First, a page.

Post by: Sal
With the strike over, the salvage operation begins.
Hollywood lurched back into gear this week, reviving projects sidelined by the three-month labor dispute with its writers.
For broadcast television, which felt the brunt of the work stoppage, the most pressing issues center on the prospects for next season. Studios are now rushing to piece together a truncated pilot season.
Even with a limited pool of new shows to choose from, the networks plan to roll out some kind of fall season. CBS and ABC said Thursday they would join FOX in holding upfront presentations in New York in mid-May, when the networks showcase their new schedules for advertisers.
The week of presentations -- usually lavish affairs that cost up to $5 million per network -- kicks off the period in which broadcasters sell the bulk of their commercial time for the coming TV season.
NBC plans a low-key approach this year, although the network has not yet provided specifics. Overall, the upfronts are likely to be scaled back, in part because broadcasters won't have a bevy of new shows.
Still, the delayed pilot season has left the industry playing catch-up. In a typical February, most pilot scripts have been finished, and producers are busy casting, location scouting or building sets. By March, between 110 and 120 pilots are in production, about 40 of which get picked up as new series.
Instead, studios that had pilot scripts in hand before the strike are now weighing which ones to produce, while writers who hadn't finished their drafts before the walkout are racing to complete them.
"Everyone is scrambling," said Cyrus Voris ("Sleeper Cell"), who is developing two pilots with writing partner Ethan Reiff, one for CBS and another for The CW. "The basic sense is that we've got a week or two to get our scripts in, or else they'll automatically be written off."
Gary Newman, chairman of 20th Century Fox Television, said the studio's development staff was in touch with its writers. "We're not giving people hard-and-fast deadlines," he said. "We're just making them aware of the competitive advantage they'll get if they're able to turn their script in sooner rather than later."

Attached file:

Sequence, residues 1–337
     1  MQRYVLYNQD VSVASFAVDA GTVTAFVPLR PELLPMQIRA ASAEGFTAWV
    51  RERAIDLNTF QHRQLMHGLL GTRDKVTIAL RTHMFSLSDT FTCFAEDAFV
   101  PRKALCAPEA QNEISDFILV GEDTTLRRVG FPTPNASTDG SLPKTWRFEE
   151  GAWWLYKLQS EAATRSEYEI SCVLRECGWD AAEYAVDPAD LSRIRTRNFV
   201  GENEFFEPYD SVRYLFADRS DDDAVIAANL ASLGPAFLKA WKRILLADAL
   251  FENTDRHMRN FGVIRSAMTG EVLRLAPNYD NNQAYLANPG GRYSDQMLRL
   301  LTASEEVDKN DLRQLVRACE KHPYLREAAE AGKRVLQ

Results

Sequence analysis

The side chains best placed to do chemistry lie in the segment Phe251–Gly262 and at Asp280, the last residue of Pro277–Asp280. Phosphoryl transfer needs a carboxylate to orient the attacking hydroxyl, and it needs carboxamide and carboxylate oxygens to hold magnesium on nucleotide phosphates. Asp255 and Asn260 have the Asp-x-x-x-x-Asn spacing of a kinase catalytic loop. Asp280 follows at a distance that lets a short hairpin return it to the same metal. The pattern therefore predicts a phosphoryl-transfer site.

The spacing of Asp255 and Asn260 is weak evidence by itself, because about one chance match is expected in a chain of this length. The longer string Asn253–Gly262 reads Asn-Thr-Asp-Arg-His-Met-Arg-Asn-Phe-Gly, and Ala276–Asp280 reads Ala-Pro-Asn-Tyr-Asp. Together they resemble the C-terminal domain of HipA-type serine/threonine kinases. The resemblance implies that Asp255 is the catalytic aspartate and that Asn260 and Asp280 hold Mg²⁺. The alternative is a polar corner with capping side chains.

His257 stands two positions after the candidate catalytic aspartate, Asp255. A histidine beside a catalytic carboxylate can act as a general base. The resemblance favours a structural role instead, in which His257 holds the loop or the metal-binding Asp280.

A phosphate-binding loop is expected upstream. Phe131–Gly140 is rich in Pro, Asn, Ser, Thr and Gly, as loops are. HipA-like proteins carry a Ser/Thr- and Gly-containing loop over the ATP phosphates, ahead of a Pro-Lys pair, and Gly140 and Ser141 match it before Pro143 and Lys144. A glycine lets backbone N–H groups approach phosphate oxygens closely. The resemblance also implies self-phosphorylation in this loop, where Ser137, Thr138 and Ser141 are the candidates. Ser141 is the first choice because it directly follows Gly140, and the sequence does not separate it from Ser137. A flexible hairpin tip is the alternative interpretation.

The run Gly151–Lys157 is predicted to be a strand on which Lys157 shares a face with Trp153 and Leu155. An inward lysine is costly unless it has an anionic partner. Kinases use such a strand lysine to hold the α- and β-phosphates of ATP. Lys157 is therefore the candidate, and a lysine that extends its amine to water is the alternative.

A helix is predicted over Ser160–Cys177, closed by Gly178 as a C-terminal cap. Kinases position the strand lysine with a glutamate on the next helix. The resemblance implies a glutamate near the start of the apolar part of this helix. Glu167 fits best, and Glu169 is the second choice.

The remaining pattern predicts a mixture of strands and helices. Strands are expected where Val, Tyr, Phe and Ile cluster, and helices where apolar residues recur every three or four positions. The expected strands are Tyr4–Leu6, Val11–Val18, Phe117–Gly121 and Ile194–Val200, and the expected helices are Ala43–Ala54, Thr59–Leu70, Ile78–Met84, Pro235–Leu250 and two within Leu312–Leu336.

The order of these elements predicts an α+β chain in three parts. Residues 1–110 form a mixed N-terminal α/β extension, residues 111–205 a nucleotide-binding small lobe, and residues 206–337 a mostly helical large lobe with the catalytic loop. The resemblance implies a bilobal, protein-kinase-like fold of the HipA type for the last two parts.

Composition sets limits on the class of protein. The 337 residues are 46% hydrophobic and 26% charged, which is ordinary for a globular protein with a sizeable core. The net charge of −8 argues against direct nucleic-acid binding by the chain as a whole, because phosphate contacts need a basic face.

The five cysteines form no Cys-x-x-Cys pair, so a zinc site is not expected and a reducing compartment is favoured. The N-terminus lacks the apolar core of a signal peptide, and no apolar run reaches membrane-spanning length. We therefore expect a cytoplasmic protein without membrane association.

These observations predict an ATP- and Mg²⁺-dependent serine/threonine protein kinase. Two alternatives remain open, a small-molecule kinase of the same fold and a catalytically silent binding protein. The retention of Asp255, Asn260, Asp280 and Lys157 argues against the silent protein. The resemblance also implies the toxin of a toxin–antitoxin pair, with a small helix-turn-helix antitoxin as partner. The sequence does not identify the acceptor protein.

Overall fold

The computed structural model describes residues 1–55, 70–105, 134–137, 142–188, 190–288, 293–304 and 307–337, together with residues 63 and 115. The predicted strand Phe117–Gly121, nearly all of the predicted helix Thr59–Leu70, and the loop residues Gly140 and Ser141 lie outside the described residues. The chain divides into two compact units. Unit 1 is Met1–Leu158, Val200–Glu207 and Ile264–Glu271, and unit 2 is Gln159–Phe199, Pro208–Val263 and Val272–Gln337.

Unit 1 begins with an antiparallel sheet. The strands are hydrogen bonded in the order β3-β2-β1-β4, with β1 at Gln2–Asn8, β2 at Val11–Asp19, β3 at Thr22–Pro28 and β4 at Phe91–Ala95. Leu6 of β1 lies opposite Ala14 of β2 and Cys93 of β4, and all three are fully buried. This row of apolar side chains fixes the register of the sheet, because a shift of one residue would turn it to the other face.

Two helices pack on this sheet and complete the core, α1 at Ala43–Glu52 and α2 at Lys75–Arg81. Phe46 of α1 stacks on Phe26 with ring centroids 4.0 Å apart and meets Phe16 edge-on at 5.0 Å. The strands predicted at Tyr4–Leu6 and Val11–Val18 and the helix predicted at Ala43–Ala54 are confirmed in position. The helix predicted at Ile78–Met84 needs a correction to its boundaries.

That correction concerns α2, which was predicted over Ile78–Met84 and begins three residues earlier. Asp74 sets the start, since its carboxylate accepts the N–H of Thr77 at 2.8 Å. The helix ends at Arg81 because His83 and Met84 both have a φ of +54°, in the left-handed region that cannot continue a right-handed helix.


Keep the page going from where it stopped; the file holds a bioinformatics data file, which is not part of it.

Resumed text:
Newman estimated that his studio had 50 to 60 pilot scripts in the works, including one from popular TV producer Joss Whedon, whose new FOX series, "Dollhouse," was ordered from a pitch two weeks before the strike began. Whedon is now busy writing both the pilot script and scenes for auditions.
Even with projects getting fast-tracked, some pilots won't be finished by the time the networks have to decide their schedules. Newman said, "My guess is that they will make decisions on projects they believe in off [daily footage], rough assemblages or trailers."
The abrupt shift into work mode this week has been jarring for all involved.
"I feel a little bit like we're all Rip Van Winkle or Snow White," said producer Tom Fontana, who returned to work this week on "The Philanthropist," a drama originally set to air on NBC this spring. "We've all been kind of sleeping, on both sides."
"It's really surreal," agreed producer Chuck Lorre. Both of Lorre's CBS comedies, "Two and a Half Men" and "The Big Bang Theory," will produce nine more episodes for this season, all in the next 12 weeks, which means his 200-person staff will be back at work by next week, sooner than most.
"We'll be working seven days a week for the next three months, and we'll be happy to do it to pull this off," Lorre said. Greg Berlanti, whose company produces three dramas for ABC, "Brothers & Sisters," "Dirty Sexy Money" and "Eli Stone," described the activity in his office as a "sonic boom."
ABC has ordered four episodes of "Brothers & Sisters" to air this spring and six or seven more to get a head start on next season in case the Screen Actors Guild decides to strike this summer.